Brown has also written the nonfiction A Plain Brown Rapper and Starting from Scratch: A Different Kind of Writer’s Manual; produced the memoir Rita Will: Memoir of a Literary Rabble-Rouser; experimented with mystery writing in Wish You Were Here and its sequels, including Rest in Pieces; and created such historical novels as High Hearts, on women fighting in the Civil War, Dolley: A Novel of Dolley Madison in Love and War, and Riding Shotgun, about a woman who travels to the year 1699. The “Sneaky Pie Brown” listed as her collaborator in her many mysteries, including the Mrs. Murphy Mystery series, is her cat. In 2000, Brown started another mystery series, known as the “Sister Jane” series or the Fox Hunting Mysteries. Brown has won consistent praise for the vitality, wit, and audacity of her fiction. She is extremely versatile. She explains in the introduction to Bingo that she has tried to reach as wide an audience as possible, inspiring their creativity and engaging them (along with her) in the task of building a stronger and more tolerant future.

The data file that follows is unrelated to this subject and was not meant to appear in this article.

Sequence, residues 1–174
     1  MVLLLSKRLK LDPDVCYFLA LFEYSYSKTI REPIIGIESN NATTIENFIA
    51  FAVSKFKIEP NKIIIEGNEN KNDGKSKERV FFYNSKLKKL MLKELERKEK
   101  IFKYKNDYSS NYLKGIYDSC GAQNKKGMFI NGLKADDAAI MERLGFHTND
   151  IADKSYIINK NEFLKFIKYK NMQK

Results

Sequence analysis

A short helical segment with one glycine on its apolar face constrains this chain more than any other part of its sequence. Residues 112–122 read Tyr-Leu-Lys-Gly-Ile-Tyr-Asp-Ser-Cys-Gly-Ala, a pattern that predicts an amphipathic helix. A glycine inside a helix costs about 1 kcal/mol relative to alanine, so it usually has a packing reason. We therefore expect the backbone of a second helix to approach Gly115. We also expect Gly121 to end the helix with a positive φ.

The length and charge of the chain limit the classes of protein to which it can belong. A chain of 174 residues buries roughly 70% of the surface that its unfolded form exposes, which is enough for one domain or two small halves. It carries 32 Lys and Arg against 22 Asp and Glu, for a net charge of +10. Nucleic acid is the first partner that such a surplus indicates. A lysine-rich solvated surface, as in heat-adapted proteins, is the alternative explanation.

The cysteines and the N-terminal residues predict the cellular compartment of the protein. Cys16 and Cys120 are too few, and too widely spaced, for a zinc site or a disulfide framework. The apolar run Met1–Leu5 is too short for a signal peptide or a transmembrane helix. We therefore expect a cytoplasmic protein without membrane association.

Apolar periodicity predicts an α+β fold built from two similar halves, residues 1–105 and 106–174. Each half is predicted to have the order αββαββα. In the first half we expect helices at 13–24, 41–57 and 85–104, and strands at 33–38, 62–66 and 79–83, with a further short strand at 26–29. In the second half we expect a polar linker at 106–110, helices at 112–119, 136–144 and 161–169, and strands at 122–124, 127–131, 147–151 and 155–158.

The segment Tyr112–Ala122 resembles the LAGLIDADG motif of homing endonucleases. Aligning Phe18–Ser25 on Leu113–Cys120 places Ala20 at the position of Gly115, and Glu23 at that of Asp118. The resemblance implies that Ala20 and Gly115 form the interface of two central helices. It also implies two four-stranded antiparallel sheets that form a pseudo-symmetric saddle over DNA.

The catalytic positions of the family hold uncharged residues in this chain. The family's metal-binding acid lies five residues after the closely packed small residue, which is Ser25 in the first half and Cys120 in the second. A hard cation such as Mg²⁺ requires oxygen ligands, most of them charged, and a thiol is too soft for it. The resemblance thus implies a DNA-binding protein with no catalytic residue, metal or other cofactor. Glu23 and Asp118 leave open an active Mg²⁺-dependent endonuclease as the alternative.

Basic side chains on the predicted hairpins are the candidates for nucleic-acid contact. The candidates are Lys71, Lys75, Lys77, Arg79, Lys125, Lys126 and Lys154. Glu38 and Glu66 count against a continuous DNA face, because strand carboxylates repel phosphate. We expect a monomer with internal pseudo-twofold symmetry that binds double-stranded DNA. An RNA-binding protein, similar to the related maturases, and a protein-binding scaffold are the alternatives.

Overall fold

Author Works Long Fiction: Rubyfruit Jungle, 1973 In Her Day, 1976 Six of One, 1978 Southern Discomfort, 1982 Sudden Death, 1983 High Hearts, 1986 Bingo, 1988 Wish You Were Here, 1990 (with Sneaky Pie Brown) Rest in Pieces, 1992 (with Sneaky Pie Brown) Venus Envy, 1993 Dolley: A Novel of Dolley Madison in Love and War, 1994 Murder at Monticello: Or, Old Sins, 1994 (with Sneaky Pie Brown) Pay Dirt: Or, Adventures at Ash Lawn, 1995 (with Sneaky Pie Brown) Murder, She Meowed: Or, Death at Montpelier, 1996 (with Sneaky Pie Brown) Riding Shotgun, 1996 Murder on the Prowl, 1998 (with Sneaky Pie Brown) Cat on the Scent, 1999 (with Sneaky Pie Brown) Loose Lips, 1999 Outfoxed, 2000 Pawing Through the Past, 2000 (with Sneaky Pie Brown) Claws and Effect, 2001 (with Sneaky Pie Brown) Alma Mater, 2001 Catch as Cat Can, 2002 (with Sneaky Pie Brown) Hotspur, 2002 Full Cry, 2003 Tail of the Tip-Off, 2003 (with Sneaky Pie Brown) Whiskery of Evil, 2004 (with Sneaky Pie Brown) Cat’s Eyewitness, 2005 (with Sneaky Pie Brown) Hunt Ball, 2005 Hounds and the Fury, 2006 Sour Puss, 2006 (with Sneaky Pie Brown) Puss ’n Cahoots: A Mrs. Murphy Mystery, 2007 (with Sneaky Pie Brown) The Tell-Tale Horse Hounded to Death, 2008 The Purrfect Murder, 2008 (with Sneaky Pie Brown) The Sand Castle, 2008 Santa Clawed, (with Sneaky Pie Brown) Cat of the Century, 2010 (with Sneaky Pie Brown) A Nose for Justice, 2010 Big Cat Nap: The 20th Anniversary Mrs. Murphy Mystery, 2012 Fox Tracks, 2012 Murder Unleashed, 2012 Sneaky Pie for President, 2012 (with Sneaky Pie Brown) Litter of the Law: A Mrs. Murphy Mystery, 2013 (with Sneaky Pie Brown) Let Sleeping Dogs Lie, 2014 Nine Lives to Die: A Mrs. Murphy Mystery, 2014 (with Sneaky Pie Brown) Tail Gate: A Mrs. Murphy Mystery, 2015 (with Sneaky Pie Brown) Cakewalk, 2016 Hiss before Dying: A Mrs. Murphy Mystery, 2017 (with Sneaky Pie Brown) Screenplay: The Slumber Party Massacre, 1982 Me and Rubyfruit, 1989 Mary Pickford: A Life on Film, 1997 Teleplay: I Love Liberty, 1982 The Long Hot Summer, 1985 My Two Loves, 1986 Rich Men, Single Women, 1989 The Woman Who Loved Elvis, 1993 Poetry: The Hand That Cradles the Rock, 1971 Songs to a Handsome Woman, 1973 Nonfiction: A Plain Brown Rapper, 1976 Starting from Scratch: A Different Kind of Writer’s Manual, 1988 Rita Will: Memoir of a Literary Rabble-Rouser, 1997 Sneaky Pie’s Cookbook for Mystery Lovers, 1999 Animal Magnetism: My Life with Creatures Great and Small, 2009 Translation: Hrotsvitha: Six Medieval Latin Plays, 1971 Bibliography Boyle, Sharon D. “Rita Mae Brown.” In Contemporary Lesbian Writers of the United States: A Bio-bibliographical Critical Sourcebook, edited by Sandra Pollack and Denise D. Knight. Westport, Conn.: Greenwood Press, 1993. Profiles Brown’s life and work. Includes an extended discussion of Rubyfruit Jungle and a useful bibliography. Brown, Rita Mae. “A Conversation with Rita Mae Brown.” By Teresa Decrescenzo. Lesbian News, 1 Nov. 2014, pp. 1–3. MasterFILE Complete, Accessed 12 June 2017. An interview with Brown in which the author discusses her first novel, Rubyfruit Jungle, educational background, the lesbian collective The Furies, and present-day lesbian culture. Chew, Martha. “Rita Mae Brown: Feminist Theorist and Southern Novelist.” Southern Quarterly 22 (1983): 61–80. Chew shows how Brown’s early novels are informed by a specifically “lesbian feminist political vision,” whereas her later works are “increasingly directed toward a mainstream audience.” Davies, Julia A. “Rita Mae Brown (1944–    ).” In Significant Contemporary American Feminists: A Biographical Sourcebook, edited by Jennifer Scanlon. Westport, Conn.: Greenwood Press, 1999. Analyzes how Brown’s political activities influenced her literary endeavors, particularly her novels featuring unconventional female protagonists and characters who challenge traditional gender roles. Day, Frances Ann. “Molly Bolts and Lifelines: Rita Mae Brown’s Rubyfruit Jungle (1973).” In Women in Literature: Reading Through the Lens of Gender, edited by Jerilyn Fisher and Ellen S. Silber. Westport, Conn.: Greenwood Press, 2003. Addresses the classroom study of Brown’s Rubyfruit Jungle as it relates to the censorship of literature in schools. Identifies attributes of the novel’s protagonist, such as individualism, that are universal to most students. Decure, Nicole. “The Feat of Telling It Like It Is: Concealment Tactics in Rita Mae Brown’s Fiction.” Women’s Studies International Forum 17, no. 4 (July/August, 1994): 425–433. Treats Brown’s condemnation of women’s tendencies to conceal socially unpopular practices, such as lesbianism. Perry, Carolyn, and Mary Louise Weaks, eds. The History of Southern Women’s Literature. Baton Rouge: Louisiana State University Press, 2002. Collection of essays includes discussion of themes in Brown’s literature within the context of the work of contemporary southern female authors. A biographical sketch of Brown by Harold Woodell discusses her works through her early mysteries. Van Dover, J. K., and John F. Jebb. Isn’t Justice Always Unfair? The Detective in Southern Literature. Bowling Green, Ohio: Bowling Green State University Popular Press, 1996. Devotes a chapter to the examination of how rural settings, including those in Brown’s mysteries, are depicted and influence literary techniques to create characters, crimes, and plots in the mystery genre. Also addresses Brown’s portrayal of animals as sleuths. Ward, Carol Marie. Rita Mae Brown. New York: Twayne, 1993. Provides a comprehensive introductory overview of Brown’s life, writings, and philosophy and presents critical analysis of her works. Includes a chronology and an annotated bibliography. Zimmerman, Bonnie. The Safe Sea of Women: Lesbian Fiction, 1969–1989. Boston: Beacon Press, 1990. Insightful study of contemporary lesbian prose that explores the interaction between fiction and community, specifically how lesbian novels and short stories have both reflected and shaped the lesbian community. Zimmerman describes Rubyfruit Jungle as the quintessential coming-out novel.